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Why Beer Is Starting to Look Like Natural Wine

July 26, 2019

By Diana Hubbell, July 26, 2019

Though they might appear worlds apart to the casual observer, winemakers and brewers have been influencing one another for quite some time. In some cases, that manifests in borrowed techniques, such brewers throwing Videl Blanc and chardonnay grapes into a batch and then aging the resulting beer in wine barrels. In other cases, the inspiration is more conceptually based—brut IPAs invite comparisons to dry, bubbly Champagne, while blush-pink beers tinted with hibiscus and other botanicals are a clear attempt to cash in on rosé wine’s enduring popularity.

So it makes sense that natural and pétillant-naturel, or pét-nat, wines, the hottest trend in wine right now, would have an impact on beer brewing. Simply put, pét-nat wines are produced via an ancient technique by which the booze is bottled before it finishes its first round of fermentation. As the natural fruit sugars ferment in the bottle, they create a pleasantly subdued effervescence and a distinct flavor. They tend to be unfiltered and come topped with bottle cap rather than a cork.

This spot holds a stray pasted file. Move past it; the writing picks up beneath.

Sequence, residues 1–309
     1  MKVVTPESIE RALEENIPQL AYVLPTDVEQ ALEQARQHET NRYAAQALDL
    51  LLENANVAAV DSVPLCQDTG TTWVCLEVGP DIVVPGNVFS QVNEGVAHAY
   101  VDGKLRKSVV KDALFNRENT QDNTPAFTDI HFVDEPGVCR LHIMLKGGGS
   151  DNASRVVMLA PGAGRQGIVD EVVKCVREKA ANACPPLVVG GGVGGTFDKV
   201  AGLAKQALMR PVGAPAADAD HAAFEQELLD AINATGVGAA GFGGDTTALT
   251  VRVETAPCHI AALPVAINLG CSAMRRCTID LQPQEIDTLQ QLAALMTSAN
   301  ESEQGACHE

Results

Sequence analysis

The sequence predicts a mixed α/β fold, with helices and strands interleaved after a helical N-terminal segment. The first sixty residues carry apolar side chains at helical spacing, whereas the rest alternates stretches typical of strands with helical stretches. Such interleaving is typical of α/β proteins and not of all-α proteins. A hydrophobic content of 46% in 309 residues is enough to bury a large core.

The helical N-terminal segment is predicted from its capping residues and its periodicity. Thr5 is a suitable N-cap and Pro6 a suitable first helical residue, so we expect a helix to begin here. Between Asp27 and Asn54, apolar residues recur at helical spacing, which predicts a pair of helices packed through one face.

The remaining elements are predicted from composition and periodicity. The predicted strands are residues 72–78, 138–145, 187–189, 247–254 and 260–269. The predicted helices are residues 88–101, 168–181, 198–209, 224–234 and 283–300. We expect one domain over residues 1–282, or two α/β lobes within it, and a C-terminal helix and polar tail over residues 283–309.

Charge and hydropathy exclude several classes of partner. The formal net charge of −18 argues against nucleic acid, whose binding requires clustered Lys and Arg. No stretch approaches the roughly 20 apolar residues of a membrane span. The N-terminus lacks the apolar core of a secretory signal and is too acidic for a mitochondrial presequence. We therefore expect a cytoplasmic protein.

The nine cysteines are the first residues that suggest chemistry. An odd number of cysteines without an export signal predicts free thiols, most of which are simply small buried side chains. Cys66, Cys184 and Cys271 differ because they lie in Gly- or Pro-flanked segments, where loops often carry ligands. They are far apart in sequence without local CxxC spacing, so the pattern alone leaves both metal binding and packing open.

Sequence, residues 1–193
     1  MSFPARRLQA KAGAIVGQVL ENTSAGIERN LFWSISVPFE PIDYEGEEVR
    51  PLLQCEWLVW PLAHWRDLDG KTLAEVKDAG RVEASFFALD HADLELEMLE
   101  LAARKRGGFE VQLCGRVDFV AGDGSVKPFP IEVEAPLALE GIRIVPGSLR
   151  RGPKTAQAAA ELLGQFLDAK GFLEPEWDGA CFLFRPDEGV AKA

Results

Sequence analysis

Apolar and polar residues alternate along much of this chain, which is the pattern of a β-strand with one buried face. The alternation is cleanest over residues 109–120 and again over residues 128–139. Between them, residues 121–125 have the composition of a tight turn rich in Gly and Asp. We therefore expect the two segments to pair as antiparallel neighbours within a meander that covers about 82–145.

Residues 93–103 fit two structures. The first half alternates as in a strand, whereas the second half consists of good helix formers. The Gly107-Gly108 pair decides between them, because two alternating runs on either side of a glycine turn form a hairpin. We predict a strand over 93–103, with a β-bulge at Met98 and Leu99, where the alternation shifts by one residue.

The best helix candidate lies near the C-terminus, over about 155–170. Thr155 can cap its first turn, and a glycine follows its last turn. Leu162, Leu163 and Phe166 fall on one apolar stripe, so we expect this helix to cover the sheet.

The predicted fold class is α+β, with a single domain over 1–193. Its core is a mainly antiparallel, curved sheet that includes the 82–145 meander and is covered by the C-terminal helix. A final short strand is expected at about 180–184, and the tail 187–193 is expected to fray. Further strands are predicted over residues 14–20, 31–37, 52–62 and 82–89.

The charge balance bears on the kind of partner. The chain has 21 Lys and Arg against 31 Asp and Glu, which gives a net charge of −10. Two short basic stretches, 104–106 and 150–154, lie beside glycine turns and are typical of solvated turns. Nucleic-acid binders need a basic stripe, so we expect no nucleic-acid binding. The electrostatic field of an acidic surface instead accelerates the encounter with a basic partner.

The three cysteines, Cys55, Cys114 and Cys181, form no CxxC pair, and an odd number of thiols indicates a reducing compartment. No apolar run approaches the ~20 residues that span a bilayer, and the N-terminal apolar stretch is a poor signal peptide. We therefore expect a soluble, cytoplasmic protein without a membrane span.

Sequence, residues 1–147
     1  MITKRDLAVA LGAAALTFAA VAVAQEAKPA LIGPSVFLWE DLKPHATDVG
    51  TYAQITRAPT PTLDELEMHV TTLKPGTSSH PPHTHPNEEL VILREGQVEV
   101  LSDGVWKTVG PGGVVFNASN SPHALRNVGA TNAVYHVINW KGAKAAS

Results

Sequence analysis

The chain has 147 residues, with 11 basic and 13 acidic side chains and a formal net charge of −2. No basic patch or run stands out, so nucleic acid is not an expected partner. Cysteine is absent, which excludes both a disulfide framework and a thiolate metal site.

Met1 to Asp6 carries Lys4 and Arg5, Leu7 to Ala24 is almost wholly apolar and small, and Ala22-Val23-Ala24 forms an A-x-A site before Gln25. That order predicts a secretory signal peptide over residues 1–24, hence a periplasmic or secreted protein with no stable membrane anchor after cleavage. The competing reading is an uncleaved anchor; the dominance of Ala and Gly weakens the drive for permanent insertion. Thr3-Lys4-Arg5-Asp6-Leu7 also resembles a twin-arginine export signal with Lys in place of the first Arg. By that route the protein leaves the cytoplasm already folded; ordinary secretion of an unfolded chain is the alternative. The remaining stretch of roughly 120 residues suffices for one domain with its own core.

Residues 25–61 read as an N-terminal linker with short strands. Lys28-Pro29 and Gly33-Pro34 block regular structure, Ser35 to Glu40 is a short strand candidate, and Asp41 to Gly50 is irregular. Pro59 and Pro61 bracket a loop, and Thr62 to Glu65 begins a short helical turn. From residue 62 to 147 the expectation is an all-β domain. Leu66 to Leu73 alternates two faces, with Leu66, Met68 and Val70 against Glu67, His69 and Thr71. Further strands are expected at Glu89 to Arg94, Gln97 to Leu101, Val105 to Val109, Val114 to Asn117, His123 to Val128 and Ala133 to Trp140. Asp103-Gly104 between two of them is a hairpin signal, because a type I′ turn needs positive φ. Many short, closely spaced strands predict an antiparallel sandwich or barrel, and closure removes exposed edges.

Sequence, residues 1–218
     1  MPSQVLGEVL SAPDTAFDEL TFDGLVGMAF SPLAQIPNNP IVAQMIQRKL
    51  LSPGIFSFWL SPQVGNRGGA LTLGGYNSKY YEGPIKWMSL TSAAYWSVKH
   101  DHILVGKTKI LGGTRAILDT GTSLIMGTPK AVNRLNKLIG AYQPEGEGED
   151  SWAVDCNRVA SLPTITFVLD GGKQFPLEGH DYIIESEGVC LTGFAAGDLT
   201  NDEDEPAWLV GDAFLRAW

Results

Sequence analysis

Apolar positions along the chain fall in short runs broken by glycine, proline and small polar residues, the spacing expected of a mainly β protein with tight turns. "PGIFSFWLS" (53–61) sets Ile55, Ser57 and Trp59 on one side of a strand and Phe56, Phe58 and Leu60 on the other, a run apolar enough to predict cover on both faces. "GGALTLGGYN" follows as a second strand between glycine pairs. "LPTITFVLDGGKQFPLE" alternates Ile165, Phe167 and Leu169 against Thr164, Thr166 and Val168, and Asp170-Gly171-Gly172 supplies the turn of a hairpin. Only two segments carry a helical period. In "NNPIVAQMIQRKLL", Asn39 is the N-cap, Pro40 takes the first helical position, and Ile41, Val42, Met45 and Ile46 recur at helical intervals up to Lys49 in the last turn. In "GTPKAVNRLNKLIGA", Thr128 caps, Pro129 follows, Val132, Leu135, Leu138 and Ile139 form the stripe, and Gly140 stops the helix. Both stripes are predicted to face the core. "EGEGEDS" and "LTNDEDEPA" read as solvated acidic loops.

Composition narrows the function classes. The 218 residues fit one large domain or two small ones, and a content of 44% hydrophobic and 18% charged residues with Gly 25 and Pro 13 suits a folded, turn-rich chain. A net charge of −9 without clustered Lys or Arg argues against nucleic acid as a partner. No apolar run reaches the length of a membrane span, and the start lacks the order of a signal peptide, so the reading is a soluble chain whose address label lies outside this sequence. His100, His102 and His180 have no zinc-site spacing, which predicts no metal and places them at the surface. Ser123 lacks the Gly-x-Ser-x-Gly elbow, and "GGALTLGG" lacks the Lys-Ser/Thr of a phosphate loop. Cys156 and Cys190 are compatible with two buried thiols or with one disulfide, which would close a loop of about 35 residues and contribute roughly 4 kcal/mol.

They also look a whole lot like the kind of beers coming out of breweries such as Jester King in Austin, Texas, which released Cerveza De Tempranillo, Birra De Sangiovese, and Blanc Du Bois late last year. All three of these barrel-aged wild American ales are made with wine grape varietals and boast the funk, subdued carbonation, and nuances associated with pét-nat wines.